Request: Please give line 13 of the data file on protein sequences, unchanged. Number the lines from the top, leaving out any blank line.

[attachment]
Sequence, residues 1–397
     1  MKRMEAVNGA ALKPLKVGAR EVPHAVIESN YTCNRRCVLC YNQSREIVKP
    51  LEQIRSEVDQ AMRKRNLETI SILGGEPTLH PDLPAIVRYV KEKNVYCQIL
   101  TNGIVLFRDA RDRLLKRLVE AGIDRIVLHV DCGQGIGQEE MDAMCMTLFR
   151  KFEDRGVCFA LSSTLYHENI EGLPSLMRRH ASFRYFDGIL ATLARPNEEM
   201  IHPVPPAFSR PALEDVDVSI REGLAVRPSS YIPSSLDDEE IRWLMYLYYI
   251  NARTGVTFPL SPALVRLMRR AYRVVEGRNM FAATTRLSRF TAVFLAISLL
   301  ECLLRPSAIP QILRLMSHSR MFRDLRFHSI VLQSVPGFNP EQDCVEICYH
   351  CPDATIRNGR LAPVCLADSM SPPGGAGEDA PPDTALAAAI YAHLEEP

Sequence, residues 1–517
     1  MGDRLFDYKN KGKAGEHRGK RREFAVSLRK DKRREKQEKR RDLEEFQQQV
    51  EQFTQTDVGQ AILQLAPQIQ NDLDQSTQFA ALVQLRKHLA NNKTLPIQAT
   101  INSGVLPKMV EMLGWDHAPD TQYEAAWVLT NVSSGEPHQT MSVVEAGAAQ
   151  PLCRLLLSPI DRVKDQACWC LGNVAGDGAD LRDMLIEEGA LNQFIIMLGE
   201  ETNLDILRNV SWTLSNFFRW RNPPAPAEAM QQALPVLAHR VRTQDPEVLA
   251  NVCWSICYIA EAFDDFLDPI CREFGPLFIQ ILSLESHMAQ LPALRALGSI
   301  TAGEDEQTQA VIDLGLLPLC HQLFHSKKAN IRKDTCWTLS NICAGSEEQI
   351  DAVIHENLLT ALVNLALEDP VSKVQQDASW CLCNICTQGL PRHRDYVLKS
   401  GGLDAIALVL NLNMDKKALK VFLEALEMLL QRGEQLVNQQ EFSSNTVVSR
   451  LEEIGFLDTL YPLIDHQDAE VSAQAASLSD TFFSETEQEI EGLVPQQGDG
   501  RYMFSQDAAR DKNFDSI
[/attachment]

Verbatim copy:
   101  INSGVLPKMV EMLGWDHAPD TQYEAAWVLT NVSSGEPHQT MSVVEAGAAQ